A couple of months ago, I (somehow) initiated a new project: Creating a ScummVM engine for the game ‘The Clue!’, originally released in 1994.
‘The Clue!’, originally known as ‘Der Clou!’, was developed and published by the Austrian games studio ‘neo Software Produktions GmbH’. Some sources say that the game was published by ‘Max Design’, but that’s not really certain. However, we know for sure that the UK release was published by ‘Kompart UK’.
A couple of days ago, the ScummVM Team officially released ScummVM 2.1.1, codenamed “:More Sheep:”. This new release includes several improvements and a large amount of bugfixes. Not only the game engines, but also the ScummVM GUI and networking stack received improvements. Let’s have a closer look at the updates that were made for ScummVM 2.1.1.
Amongst other things, the developers fixed a bug that could lead to a crash when switching between certain languages in the GUI. Additionally, changes made to the options dialog won’t be erroneously saved when the dialog is left using the ESC key.
Due to a bug in current versions of Manjaro, it is not possible to change the screen resolution if Manjaro is running as a VMware guest. Neither changing the resolution manually nor using the “Fit Guest Now” option is working correctly. Since the screen resolution is pinned to 800×600 pixels, it’s almost impossible to properly use the VM. I was able to reproduce the issue with my VM running Manjaro with the KDE desktop.
In comparison to other Linux distributions, Gentoo handles kernel installations and upgrades quite differently. While other distributions deploy new kernel release over their package management, Gentoo only packages the kernel sources. It’s up to the user to compile and install the kernel in a second step. Gentoo developer Michał Górny is about to change that with the introcution of an official Gentoo kernel.
Traditionally, configuring and installing the kernel is done either manually or simplified by using
genkernel. While configuring the own kernel allows a high level of adjustment to the hardware in use or to specific workloads, genkernel creates a more “generic” kernel.
Since 1991, the Aminet is the source for free and public domain software for the Amiga. Since I’m using the Aminet by myself quite often, I decided to run my own mirror server.
Since a few months I’m running my own build server for the Windows versions of ScummVM. Originally, the server was intended to replace my previous toolchain based on MSYS2 and to provide self-contained (avoiding DLL hell) and continuously updated Win32 binaries.
In the meantime, this project evolved quite a bit. Currently, the official Windows versions of ScummVM as well as the Nightly Builds are built by this server. As you can imagine, the term “experimental” doesn’t really fit anymore, even though I’m still referring to this server as my staging environment.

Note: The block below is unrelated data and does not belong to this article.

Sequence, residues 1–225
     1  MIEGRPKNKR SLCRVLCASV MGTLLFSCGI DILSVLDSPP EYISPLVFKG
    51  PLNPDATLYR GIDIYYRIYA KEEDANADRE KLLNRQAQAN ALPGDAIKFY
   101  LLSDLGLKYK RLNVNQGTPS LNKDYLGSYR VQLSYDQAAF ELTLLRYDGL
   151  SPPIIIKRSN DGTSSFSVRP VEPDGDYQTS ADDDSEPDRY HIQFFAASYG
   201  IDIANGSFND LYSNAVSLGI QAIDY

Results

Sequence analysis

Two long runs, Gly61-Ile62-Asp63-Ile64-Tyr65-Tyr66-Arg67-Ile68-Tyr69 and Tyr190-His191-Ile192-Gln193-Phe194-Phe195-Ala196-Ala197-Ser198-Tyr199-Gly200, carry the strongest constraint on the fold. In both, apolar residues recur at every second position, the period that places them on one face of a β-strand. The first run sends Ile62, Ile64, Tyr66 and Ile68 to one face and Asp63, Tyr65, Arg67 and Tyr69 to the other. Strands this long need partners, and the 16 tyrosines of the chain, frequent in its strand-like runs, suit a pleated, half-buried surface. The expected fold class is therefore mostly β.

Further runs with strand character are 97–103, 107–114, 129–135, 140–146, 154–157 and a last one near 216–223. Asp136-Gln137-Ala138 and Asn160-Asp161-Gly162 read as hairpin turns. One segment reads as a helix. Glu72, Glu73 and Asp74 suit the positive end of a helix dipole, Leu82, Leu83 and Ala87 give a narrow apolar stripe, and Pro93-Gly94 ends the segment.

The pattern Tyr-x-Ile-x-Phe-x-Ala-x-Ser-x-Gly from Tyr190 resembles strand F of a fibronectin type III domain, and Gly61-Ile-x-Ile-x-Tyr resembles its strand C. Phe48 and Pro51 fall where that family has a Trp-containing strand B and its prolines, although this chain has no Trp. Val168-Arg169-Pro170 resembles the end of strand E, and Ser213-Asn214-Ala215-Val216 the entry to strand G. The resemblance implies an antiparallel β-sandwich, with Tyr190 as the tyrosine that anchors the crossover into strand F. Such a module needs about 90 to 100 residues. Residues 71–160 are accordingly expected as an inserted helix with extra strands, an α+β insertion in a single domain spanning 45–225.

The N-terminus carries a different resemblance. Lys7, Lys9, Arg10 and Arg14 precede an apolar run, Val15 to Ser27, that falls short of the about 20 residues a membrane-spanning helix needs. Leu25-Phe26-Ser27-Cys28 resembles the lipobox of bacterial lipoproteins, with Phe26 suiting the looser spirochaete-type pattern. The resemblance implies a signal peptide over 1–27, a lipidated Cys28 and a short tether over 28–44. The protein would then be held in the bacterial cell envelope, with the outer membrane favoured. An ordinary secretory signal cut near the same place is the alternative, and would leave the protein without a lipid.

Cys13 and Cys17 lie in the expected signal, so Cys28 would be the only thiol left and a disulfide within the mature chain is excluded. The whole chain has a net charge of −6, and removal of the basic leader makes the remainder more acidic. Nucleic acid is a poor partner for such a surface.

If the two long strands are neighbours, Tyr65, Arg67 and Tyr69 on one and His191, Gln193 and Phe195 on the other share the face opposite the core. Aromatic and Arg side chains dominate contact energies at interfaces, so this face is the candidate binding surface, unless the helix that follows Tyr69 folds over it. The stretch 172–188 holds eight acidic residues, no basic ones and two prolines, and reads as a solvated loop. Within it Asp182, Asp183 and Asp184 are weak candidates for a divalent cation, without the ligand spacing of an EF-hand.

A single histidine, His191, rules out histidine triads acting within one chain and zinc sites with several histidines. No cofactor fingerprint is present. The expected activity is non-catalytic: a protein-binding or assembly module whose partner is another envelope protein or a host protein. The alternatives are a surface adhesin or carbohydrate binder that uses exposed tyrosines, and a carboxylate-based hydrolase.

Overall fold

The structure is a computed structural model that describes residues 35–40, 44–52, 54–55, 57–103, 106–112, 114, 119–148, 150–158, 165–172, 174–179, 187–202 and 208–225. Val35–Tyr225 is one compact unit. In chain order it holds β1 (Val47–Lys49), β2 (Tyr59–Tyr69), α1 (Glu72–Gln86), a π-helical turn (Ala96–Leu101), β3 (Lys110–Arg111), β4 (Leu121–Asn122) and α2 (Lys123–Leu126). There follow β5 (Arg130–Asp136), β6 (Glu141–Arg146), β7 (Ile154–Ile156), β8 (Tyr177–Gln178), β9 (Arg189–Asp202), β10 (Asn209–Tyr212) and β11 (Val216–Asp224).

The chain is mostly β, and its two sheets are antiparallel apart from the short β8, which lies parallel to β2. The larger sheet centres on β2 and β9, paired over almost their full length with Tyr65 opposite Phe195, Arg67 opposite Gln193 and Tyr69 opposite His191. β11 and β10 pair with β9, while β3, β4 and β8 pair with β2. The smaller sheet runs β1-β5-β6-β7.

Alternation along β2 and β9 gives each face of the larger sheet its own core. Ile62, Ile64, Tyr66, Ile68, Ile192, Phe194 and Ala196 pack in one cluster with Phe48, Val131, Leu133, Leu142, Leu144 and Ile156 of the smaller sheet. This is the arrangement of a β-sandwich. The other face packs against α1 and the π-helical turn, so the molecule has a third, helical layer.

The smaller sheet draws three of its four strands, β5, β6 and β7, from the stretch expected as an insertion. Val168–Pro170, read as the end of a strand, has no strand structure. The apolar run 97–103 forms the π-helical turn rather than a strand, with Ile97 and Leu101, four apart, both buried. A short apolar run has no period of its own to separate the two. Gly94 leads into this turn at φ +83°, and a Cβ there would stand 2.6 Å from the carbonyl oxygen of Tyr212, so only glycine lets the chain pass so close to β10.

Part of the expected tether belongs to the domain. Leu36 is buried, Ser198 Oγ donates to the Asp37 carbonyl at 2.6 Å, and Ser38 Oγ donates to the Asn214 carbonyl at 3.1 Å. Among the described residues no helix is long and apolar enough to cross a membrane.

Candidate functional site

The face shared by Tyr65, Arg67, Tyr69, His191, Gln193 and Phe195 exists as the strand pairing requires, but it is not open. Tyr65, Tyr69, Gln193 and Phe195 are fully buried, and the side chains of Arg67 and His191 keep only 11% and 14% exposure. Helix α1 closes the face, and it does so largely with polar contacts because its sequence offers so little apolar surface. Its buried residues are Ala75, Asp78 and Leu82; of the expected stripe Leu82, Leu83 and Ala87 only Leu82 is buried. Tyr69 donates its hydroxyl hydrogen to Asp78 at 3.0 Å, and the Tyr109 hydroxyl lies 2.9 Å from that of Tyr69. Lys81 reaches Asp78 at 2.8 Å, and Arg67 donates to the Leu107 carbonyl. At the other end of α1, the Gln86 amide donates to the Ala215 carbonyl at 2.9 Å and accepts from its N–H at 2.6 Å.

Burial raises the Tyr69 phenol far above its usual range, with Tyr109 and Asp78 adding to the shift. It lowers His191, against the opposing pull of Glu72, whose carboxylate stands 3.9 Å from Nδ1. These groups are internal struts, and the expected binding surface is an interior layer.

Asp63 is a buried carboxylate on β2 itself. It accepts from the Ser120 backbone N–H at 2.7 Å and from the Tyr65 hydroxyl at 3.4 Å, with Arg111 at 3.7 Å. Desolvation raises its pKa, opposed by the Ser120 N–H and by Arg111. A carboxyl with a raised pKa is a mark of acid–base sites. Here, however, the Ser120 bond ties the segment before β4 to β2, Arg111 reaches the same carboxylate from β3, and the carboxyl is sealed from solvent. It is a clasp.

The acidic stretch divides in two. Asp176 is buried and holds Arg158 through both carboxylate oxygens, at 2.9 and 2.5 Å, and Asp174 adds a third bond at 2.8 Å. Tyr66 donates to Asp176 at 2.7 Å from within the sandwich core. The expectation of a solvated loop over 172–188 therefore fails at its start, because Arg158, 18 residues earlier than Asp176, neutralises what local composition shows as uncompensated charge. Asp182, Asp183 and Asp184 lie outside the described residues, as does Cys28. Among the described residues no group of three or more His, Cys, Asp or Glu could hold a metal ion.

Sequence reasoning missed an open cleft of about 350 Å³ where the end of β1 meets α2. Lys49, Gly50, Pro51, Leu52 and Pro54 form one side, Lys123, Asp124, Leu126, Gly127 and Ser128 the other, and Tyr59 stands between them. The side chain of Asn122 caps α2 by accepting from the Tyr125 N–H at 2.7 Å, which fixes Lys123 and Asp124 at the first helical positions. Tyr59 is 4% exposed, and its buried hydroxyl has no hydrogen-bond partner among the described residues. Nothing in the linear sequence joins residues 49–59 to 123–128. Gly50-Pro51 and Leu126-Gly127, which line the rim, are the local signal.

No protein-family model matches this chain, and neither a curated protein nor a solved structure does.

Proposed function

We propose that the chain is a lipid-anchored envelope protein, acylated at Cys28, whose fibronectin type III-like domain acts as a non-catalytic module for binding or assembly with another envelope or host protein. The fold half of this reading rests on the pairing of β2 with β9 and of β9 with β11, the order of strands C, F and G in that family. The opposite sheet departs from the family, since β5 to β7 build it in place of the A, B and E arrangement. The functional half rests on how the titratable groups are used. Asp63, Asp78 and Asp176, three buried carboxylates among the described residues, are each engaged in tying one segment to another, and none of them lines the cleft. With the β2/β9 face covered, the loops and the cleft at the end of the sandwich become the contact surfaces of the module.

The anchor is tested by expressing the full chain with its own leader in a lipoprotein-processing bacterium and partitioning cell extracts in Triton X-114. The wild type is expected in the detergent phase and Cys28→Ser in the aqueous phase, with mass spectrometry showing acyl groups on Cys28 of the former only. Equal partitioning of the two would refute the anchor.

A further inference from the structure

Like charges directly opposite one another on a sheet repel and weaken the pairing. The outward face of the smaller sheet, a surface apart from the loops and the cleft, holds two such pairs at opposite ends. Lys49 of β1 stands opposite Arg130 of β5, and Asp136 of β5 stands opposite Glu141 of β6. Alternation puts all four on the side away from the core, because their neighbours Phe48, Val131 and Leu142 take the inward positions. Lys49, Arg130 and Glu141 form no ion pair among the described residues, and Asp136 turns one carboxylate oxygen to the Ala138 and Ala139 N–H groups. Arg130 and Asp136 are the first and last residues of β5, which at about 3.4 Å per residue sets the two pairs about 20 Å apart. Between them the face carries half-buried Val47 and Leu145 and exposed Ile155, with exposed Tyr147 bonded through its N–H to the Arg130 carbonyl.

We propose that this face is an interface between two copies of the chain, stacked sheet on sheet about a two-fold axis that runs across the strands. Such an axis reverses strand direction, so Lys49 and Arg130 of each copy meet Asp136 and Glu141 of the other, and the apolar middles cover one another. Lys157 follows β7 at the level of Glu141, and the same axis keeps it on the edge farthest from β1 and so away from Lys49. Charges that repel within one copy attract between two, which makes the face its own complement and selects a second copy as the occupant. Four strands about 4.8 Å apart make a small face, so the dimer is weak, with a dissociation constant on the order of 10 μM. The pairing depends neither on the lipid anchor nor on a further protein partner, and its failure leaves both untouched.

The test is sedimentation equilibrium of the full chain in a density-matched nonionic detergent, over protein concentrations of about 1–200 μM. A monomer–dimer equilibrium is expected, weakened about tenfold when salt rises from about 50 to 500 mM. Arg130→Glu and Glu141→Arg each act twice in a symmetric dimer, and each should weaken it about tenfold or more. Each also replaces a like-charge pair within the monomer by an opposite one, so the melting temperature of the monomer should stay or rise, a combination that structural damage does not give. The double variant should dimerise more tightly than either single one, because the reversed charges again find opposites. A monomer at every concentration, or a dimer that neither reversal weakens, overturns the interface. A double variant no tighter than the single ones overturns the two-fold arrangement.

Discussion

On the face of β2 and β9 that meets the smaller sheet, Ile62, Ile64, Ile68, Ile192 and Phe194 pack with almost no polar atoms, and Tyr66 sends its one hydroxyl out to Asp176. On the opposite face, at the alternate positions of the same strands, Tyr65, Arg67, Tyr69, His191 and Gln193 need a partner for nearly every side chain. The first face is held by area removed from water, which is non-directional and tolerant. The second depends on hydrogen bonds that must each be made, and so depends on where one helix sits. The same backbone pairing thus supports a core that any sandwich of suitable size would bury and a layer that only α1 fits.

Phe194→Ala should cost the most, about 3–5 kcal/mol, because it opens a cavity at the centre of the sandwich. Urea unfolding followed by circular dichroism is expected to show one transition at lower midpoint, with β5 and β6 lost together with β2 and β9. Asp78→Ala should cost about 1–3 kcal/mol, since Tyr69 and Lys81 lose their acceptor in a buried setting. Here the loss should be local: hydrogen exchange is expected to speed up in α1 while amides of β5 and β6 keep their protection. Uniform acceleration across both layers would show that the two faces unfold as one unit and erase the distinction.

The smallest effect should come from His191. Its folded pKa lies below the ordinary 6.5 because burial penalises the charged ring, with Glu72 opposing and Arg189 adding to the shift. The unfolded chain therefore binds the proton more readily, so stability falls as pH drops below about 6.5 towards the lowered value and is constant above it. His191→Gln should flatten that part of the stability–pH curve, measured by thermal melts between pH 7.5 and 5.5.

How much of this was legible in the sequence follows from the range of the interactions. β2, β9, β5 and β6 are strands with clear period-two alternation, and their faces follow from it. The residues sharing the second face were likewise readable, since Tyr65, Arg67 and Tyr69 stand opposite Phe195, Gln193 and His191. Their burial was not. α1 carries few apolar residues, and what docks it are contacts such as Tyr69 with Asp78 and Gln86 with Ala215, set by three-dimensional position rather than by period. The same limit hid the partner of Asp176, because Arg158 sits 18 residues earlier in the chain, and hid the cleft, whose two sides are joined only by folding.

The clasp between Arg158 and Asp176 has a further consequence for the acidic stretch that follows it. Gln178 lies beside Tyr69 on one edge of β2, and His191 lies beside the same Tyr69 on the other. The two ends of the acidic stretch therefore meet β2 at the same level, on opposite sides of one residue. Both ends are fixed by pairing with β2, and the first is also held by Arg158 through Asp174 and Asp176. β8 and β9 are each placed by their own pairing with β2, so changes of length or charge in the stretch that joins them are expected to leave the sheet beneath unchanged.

Over the last couple of years, I aquired a nice collection of various domains. Since I only keep them for historical purposes, I decided to redirect all domains to this blog domain. Usually, you can achieve such a redirection by simply pointing all your domains to the same virtual host within your webserver configuration in case you are using WordPress. However, this won’t work when using some caching plugins. Some .htaccess magic will help though.
For my ScummVM nightly server, I’m using the apache2 module mod_autoindex. I noticed that – even though I enabled UTF-8 support in the apache configuration – one vHost was still served with ISO-8859 encoding.
The problem is that the autoindex module simply ignores the global charset settings. Instead, it insists on using ISO-8859 for the vHost without further configuration.
In order to enable UTF-8 for sites generated by mod_autoindex, the parameter
Charset=UTF-8 must be added to the
IndexOptions of the specific vHost configuration.
By default, Gentoo is using the rsync protocol to distribute it’s portage tree. For synchronizing a lot of smaller files, this protocol is rock-solid.
However, this method comes with a small drawback. To ensure the integrity of the downloaded files, they are signed with an OpenGPG key. First, the files are downloaded into a quarantine directory. Afterwards, portage is trying to validate the signatures and only if the signatures match the local portage tree will be overwritten with the newly synced files. The problem with this method is that the signature check is pretty slow, especially on lower-end systems. In my experience, it can take up to several minutes until the update is completed.
Fortunately, we can tell portage to use git instead of rsync for updating the portage tree.